26 April 2017
While national, regional and international attention has been focussed on the self-proclaimed Islamic State, the dormant Jemaah Islamiyah (JI) has found the environment conducive for its own growth and expansion. By 2010 and 2011, there was some satisfaction in Southeast Asia that JI had not only been crippled but was also largely defeated. Its key military and ideological leaders were either dead or detained. They included Abu Bakar Bashyir, Aman Abdurrahman, Abu Rusydan, Al Aqaeda operatives Hambali, Dulmatin, Umar Patek, Abu Dujana as well as Malaysian fighters such as Nordin M Top and Dr Azahari Husin.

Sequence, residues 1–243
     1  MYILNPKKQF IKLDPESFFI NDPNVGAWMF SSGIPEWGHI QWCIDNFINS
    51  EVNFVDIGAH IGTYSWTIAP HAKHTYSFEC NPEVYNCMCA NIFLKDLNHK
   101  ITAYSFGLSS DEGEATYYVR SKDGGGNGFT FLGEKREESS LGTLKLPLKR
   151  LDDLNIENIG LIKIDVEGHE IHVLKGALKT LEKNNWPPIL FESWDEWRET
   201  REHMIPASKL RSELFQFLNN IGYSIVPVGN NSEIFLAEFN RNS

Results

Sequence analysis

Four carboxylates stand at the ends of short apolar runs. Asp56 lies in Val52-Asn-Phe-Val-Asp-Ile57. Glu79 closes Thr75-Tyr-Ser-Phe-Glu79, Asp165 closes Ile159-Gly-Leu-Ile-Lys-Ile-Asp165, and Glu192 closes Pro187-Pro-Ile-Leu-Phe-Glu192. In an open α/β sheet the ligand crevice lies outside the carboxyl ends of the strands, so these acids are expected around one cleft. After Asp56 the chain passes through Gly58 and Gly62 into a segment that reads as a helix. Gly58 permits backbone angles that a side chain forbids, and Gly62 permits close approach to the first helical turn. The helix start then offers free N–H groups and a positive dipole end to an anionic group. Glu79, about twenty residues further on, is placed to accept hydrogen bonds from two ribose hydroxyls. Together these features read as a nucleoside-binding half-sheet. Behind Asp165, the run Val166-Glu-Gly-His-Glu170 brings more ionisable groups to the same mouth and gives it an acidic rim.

However, even though the last JI bombing in Indonesia was in 2009, it did not mean that the group had renounced terrorism. On the contrary, it had adopted a strategic decision to lie low in line with the concept of I’dad that advocated in-depth preparation to participate in a future jihad. This partly explains the intermittent reports of JI members being arrested or detained ever since, including the four that were detained in Indonesia in December 2016.
… Bilveer Singh is Associate Professor at the Department of Political Science, National University of Singapore and Adjunct Senior Fellow at the Centre of Excellence for National Security, S. Rajaratnam School of International Studies (RSIS), Nanyang Technological University, Singapore.
CENS / Online
Last updated on 26/04/2017